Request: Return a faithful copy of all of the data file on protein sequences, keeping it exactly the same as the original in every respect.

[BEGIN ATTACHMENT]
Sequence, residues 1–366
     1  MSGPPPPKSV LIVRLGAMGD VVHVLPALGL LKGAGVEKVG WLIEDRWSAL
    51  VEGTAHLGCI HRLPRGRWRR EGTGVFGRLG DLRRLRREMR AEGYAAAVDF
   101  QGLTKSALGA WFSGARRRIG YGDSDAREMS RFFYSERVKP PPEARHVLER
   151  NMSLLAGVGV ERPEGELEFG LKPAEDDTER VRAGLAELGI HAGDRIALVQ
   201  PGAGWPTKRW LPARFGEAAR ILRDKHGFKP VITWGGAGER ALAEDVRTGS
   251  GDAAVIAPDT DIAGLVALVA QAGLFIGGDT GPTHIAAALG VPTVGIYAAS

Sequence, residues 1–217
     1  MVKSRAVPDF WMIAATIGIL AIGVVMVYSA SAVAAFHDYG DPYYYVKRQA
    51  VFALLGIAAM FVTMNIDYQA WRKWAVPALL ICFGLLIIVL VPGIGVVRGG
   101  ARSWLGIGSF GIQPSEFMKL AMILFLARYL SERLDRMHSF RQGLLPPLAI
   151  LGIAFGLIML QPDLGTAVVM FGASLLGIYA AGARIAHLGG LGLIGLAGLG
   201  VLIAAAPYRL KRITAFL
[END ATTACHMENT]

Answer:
Sequence, residues 1–366
     1  MSGPPPPKSV LIVRLGAMGD VVHVLPALGL LKGAGVEKVG WLIEDRWSAL
    51  VEGTAHLGCI HRLPRGRWRR EGTGVFGRLG DLRRLRREMR AEGYAAAVDF
   101  QGLTKSALGA WFSGARRRIG YGDSDAREMS RFFYSERVKP PPEARHVLER
   151  NMSLLAGVGV ERPEGELEFG LKPAEDDTER VRAGLAELGI HAGDRIALVQ
   201  PGAGWPTKRW LPARFGEAAR ILRDKHGFKP VITWGGAGER ALAEDVRTGS
   251  GDAAVIAPDT DIAGLVALVA QAGLFIGGDT GPTHIAAALG VPTVGIYAAS

Sequence, residues 1–217
     1  MVKSRAVPDF WMIAATIGIL AIGVVMVYSA SAVAAFHDYG DPYYYVKRQA
    51  VFALLGIAAM FVTMNIDYQA WRKWAVPALL ICFGLLIIVL VPGIGVVRGG
   101  ARSWLGIGSF GIQPSEFMKL AMILFLARYL SERLDRMHSF RQGLLPPLAI
   151  LGIAFGLIML QPDLGTAVVM FGASLLGIYA AGARIAHLGG LGLIGLAGLG
   201  VLIAAAPYRL KRITAFL